Cigarette smoke attenuation of poly I:C-induced innate antiviral responses in human PBMC is mainly due to inhibition of IFN-β production
- Additional Document Info
- View All
The cellular response to dsRNA or its synthetic analog polyinosinic-polycytidylic acid (poly I:C) results in IRF-3-, IRF-7- and NF-kB-mediated activation of type 1 IFNs and pro-inflammatory cytokines critical for innate antiviral immune responses. To investigate whether cigarette smoke compromises type 1 IFN signaling in humans, peripheral blood mononuclear cells (PBMCs) from non-smoking individuals were treated with smoke-conditioned media (SCM) and stimulated with poly I:C. We observed a marked attenuation of IRF-3 and NF-kB activation in PBMCs exposed to SCM compared to control PBMCs. Similarly, PBMCs from smokers or splenocytes from smoke-exposed mice also displayed marked reduction of poly I:C-induced antiviral responses compared with either non-smokers or sham-exposed mice. Cigarette smoke was found to block the production of type I IFNs following poly I:C treatment and inhibit subsequent STAT1 activation. Finally, we confirmed that inhibition of IFN-beta, but not IFN-alpha, predominantly contributes to the cigarette smoke-mediated suppression of innate antiviral responses. These findings provide novel mechanistic insights to the susceptibility of cigarette smokers to viral infections.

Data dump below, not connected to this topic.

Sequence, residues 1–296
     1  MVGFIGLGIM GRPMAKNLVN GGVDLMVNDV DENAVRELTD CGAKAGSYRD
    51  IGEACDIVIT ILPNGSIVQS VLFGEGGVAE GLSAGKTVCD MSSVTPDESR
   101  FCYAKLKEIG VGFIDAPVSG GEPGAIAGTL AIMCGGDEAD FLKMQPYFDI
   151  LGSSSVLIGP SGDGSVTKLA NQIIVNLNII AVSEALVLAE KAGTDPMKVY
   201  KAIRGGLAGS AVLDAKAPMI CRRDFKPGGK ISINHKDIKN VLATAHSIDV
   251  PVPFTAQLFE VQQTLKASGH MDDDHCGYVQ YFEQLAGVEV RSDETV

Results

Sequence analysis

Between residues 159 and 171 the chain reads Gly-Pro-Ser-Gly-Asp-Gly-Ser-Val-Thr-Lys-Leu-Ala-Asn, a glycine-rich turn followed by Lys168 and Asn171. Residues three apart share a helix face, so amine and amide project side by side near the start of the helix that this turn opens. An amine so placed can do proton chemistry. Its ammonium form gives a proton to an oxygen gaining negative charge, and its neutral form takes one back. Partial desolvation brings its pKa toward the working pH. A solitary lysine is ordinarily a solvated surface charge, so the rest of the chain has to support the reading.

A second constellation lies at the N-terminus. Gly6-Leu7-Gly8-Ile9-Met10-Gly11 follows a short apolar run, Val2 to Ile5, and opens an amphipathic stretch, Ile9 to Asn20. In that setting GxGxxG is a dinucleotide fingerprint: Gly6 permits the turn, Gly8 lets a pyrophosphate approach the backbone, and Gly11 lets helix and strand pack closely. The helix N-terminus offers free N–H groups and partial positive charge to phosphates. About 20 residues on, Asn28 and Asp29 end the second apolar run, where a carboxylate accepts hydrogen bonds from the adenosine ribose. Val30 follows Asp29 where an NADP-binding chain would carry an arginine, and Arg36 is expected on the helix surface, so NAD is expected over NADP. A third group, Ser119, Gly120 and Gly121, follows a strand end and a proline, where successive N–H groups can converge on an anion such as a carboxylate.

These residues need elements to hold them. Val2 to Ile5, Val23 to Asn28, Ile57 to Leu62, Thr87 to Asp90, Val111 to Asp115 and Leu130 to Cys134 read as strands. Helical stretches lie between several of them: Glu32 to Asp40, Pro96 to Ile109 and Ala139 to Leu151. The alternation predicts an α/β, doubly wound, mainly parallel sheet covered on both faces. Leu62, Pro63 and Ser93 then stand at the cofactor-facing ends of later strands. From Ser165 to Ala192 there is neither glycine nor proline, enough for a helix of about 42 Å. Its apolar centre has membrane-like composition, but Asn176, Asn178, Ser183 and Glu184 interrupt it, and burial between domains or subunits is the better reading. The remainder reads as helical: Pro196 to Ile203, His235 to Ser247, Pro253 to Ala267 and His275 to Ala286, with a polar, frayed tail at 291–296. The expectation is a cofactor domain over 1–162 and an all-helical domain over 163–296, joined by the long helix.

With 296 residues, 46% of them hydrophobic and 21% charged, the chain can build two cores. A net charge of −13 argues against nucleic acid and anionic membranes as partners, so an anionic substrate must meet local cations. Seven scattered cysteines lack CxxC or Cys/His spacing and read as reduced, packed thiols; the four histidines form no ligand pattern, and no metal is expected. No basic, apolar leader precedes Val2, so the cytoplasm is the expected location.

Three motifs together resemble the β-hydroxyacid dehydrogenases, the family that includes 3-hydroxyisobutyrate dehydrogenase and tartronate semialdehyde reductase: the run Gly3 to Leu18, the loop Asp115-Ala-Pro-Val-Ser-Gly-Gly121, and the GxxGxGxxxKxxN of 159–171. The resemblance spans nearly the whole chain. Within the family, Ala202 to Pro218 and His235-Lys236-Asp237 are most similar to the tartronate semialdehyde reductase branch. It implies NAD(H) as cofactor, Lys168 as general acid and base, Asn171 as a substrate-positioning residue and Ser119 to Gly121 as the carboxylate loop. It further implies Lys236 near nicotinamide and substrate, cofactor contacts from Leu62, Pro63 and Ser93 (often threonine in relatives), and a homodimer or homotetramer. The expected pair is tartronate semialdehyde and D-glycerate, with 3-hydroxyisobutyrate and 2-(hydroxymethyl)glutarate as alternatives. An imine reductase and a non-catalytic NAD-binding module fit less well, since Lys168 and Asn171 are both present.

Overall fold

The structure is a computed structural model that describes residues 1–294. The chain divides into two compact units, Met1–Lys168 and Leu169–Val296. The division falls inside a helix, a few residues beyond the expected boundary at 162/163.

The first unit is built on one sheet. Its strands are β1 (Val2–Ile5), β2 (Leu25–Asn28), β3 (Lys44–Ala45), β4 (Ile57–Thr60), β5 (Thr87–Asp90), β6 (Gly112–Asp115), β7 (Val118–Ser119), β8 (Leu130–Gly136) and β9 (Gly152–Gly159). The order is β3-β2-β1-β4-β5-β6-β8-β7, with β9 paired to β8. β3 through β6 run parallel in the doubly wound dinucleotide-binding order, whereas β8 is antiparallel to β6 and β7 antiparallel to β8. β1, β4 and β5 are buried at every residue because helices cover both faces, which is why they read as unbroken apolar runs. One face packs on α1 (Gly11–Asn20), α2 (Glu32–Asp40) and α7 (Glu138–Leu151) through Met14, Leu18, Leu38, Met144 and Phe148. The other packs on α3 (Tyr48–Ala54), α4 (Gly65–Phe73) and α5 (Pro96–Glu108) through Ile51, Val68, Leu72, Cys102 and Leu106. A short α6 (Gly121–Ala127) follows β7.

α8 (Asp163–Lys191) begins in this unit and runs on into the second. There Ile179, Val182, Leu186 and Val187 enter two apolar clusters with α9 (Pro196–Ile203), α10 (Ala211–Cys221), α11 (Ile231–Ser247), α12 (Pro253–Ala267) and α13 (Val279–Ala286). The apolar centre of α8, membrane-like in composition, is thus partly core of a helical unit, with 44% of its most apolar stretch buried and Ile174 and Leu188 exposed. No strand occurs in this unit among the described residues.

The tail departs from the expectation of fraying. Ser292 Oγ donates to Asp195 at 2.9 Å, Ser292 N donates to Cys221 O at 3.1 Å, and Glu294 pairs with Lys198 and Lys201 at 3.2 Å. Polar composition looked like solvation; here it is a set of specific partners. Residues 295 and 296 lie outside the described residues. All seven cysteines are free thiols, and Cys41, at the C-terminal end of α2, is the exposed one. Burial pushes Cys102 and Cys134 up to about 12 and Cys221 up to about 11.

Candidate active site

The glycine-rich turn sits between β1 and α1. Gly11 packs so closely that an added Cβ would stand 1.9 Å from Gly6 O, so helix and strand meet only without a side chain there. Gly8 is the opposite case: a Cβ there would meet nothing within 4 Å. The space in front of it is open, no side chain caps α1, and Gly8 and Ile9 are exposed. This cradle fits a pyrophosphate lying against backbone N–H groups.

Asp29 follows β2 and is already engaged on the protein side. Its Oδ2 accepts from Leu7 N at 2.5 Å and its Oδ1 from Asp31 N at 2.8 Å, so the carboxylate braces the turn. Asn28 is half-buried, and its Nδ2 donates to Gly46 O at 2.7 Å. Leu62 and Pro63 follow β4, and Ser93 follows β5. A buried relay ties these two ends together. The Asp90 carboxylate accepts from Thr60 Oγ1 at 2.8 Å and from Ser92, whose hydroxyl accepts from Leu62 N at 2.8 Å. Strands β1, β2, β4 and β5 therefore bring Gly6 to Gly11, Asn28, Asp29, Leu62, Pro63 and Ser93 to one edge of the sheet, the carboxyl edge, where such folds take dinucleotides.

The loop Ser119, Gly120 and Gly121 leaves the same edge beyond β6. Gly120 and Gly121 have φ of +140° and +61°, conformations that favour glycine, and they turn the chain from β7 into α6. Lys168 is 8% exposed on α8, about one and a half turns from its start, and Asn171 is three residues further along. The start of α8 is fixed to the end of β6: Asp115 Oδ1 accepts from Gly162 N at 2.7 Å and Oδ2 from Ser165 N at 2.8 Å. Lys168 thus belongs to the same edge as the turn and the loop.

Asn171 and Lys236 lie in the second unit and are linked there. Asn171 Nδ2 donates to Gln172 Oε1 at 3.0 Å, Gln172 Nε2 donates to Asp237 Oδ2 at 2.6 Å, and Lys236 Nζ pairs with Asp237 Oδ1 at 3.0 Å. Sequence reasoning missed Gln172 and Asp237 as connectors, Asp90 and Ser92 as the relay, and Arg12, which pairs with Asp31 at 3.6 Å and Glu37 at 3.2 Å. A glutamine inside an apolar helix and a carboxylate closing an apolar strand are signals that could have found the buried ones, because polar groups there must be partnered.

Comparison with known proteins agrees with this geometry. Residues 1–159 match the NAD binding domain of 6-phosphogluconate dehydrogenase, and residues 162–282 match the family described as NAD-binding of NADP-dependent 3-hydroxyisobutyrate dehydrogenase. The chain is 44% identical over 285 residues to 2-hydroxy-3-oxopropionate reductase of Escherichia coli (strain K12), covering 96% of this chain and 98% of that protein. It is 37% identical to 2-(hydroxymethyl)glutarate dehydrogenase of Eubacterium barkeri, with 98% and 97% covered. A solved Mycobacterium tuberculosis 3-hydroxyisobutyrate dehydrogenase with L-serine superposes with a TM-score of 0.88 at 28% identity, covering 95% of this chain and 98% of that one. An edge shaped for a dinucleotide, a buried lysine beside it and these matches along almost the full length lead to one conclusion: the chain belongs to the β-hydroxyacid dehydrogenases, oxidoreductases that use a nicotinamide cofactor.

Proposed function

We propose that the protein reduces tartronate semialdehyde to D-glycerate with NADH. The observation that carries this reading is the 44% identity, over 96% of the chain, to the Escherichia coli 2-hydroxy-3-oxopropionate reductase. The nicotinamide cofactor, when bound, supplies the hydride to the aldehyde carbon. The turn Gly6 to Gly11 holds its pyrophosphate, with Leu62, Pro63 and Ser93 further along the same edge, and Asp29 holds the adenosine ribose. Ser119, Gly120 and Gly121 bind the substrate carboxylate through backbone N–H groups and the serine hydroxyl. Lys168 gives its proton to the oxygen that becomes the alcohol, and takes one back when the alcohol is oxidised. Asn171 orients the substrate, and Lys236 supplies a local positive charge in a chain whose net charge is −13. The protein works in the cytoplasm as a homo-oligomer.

has subject area